Spectacle frame materials: Metal, plastic and unusual
Different spectacle frame materials greatly expand your options for a new look. While shopping for new eyeglasses or sunglasses, ask your optician for advice about variety in colours, durability, lightness, favourite brands, hypoallergenic materials, uniqueness and price.
In fact, finding glasses with the qualities that are most important to you could be as simple as choosing the right frame material because each type has its own unique strengths.
If you want the colours of the rainbow, then zyl (zylonite, or cellulose acetate) is your material. Zyl is a very cost-effective and creative option for eyewear and is extremely lightweight. Particularly popular right now are laminated zyl frames that have layered colours. Look for light colours on the interior sides, which can make your eyewear "disappear" from your visual field when you wear them. An all-black frame, on the other hand, is visible at all times on both interior and exterior sides.
Some manufacturers also use cellulose acetate propionate, a nylon-based plastic that is hypoallergenic. It's lightweight and has more transparency and gloss than other plastics. If your main criterion for a frame is lightness, then definitely consider propionate frames.
Spectacle frames made of nylon were introduced in the late 1940s. Because of brittleness and other problems, manufacturers switched to blended nylon (polyamides, co-polyamides and gliamides). Today's blended nylon frames are both strong and lightweight.
Nylon is also a premier material for sports and performance frames, typically made of gliamides, grilamid or trogamid materials that are very resistant to hot and cold and are more flexible, yet also stiff. Nylon also is easily molded into today's popular wraparound styles, as well as other shapes that are difficult to produce.
It may sound odd, but plastic made of castor oil (actually, castor seed oil) is now used in some eyewear. Traditionally used as a laxative, a soap ingredient and a machinery lubricant, castor oil is also making its way into plastic auto parts, along with other non-petroleum-based plastics. Reasons for castor oil plastic development include the high price of petroleum and the ease of growing castor bean plants in places where other profitable plants don't thrive.
Plastic frames do have some drawbacks. They are easier to break than metal frames, they will burn (but are not easily ignited), and ageing and exposure to sunlight decrease their strength slightly. Colour can fade over time, but not as much with modern materials.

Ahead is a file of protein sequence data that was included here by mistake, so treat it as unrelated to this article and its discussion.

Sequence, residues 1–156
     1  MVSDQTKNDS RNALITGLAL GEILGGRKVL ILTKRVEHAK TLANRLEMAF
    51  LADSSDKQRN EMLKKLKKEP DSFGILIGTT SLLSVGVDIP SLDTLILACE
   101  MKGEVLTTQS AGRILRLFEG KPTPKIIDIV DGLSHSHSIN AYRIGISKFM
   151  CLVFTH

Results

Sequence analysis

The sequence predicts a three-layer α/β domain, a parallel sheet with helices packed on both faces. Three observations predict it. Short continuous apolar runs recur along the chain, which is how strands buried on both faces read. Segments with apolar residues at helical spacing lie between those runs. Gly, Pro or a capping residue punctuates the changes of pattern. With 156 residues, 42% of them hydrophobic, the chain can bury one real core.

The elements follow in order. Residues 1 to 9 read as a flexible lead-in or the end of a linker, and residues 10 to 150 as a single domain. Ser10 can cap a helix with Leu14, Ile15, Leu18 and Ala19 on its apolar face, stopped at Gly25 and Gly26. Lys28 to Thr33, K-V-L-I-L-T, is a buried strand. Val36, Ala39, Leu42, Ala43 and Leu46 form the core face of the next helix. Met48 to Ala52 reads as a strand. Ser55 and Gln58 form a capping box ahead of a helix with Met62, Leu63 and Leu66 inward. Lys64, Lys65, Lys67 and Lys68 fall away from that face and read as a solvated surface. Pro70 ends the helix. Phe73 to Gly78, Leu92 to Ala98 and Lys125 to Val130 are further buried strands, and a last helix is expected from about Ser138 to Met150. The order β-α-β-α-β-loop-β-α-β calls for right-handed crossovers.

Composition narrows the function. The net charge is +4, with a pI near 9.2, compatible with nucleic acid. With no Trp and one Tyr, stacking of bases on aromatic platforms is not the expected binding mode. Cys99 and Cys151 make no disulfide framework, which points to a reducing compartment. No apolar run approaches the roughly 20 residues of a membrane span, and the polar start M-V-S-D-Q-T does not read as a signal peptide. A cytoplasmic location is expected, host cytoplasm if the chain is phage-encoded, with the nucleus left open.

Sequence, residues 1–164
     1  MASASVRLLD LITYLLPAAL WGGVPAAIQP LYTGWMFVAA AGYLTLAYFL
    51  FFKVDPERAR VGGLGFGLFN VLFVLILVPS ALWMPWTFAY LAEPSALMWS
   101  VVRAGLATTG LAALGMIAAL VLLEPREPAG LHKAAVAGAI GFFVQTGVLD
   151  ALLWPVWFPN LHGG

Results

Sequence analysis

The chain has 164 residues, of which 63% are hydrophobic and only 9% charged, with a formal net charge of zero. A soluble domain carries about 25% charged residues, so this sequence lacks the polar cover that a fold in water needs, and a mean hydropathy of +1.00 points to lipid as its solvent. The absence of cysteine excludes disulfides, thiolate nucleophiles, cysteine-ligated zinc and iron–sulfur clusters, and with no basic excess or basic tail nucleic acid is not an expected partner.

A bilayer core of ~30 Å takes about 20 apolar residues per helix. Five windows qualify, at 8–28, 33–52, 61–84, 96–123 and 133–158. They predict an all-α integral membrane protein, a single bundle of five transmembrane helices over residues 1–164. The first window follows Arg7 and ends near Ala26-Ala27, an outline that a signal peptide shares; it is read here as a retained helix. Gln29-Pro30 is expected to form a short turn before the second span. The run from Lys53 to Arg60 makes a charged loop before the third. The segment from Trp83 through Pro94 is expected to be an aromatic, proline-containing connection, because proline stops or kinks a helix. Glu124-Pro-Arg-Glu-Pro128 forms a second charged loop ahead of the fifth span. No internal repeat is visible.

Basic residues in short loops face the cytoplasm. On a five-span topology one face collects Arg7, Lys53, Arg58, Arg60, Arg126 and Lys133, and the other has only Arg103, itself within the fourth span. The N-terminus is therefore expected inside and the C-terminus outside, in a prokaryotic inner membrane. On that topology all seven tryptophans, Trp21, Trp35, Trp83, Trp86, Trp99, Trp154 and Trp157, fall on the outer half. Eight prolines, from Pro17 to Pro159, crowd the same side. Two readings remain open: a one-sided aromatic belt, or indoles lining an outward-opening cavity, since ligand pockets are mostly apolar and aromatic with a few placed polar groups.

Monel — a mixture of any of a broad range of metals — is the most widely used material in the manufacture of eyeglass frames. Its malleability and corrosion resistance are pluses.
Though most monel frames are hypoallergenic, it's possible people with sensitive skin may experience irritation if monel rests directly against their face. However, this is preventable if the right kind of plating, such as palladium or other nickel-free options, is used.
Titanium and beta-titanium are also popular materials for spectacle frames. Titanium is a silver-gray metal that's lightweight, durable, strong and corrosion-resistant. It has been used for everything from spacecraft to implantable medical devices such as heart valves.
Titanium eyewear can be produced in a variety of colours for a clean, modern look with a hint of colour. And it's hypoallergenic.
Some titanium frames are made from an alloy that is a combination of titanium and other metals, such as nickel or copper. In general, titanium alloy frames cost less than 100 percent titanium frames.
Beryllium, a steel-gray metal, is a lower-cost alternative to titanium eyewear. It resists corrosion and tarnish, making it an excellent choice for wearers who have high skin acidity or spend a good amount of time in or around salt water.
Beryllium is also lightweight, very strong, very flexible (making it easy for an optician to adjust your glasses) and available in a wide range of colours.
|Wood, bone &
|Gold (10k) &
*Coatings and frames made of natural materials such as bone typically cannot incorporate artificial colors, patterns and textures.
Stainless steel frames and surgical stainless are another alternative to titanium. Qualities of stainless steel frames include light weight, low toxicity and strength; many stainless steel frames also are nickel-free and thus hypoallergenic.